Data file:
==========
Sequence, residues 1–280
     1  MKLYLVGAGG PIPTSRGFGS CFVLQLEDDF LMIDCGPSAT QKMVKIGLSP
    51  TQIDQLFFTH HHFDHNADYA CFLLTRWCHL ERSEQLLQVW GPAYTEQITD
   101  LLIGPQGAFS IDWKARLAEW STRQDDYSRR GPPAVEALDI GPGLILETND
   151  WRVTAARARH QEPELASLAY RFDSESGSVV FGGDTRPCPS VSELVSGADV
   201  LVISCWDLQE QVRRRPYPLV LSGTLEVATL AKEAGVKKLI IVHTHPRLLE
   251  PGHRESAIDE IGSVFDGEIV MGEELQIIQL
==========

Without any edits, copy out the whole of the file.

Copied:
Sequence, residues 1–280
     1  MKLYLVGAGG PIPTSRGFGS CFVLQLEDDF LMIDCGPSAT QKMVKIGLSP
    51  TQIDQLFFTH HHFDHNADYA CFLLTRWCHL ERSEQLLQVW GPAYTEQITD
   101  LLIGPQGAFS IDWKARLAEW STRQDDYSRR GPPAVEALDI GPGLILETND
   151  WRVTAARARH QEPELASLAY RFDSESGSVV FGGDTRPCPS VSELVSGADV
   201  LVISCWDLQE QVRRRPYPLV LSGTLEVATL AKEAGVKKLI IVHTHPRLLE
   251  PGHRESAIDE IGSVFDGEIV MGEELQIIQL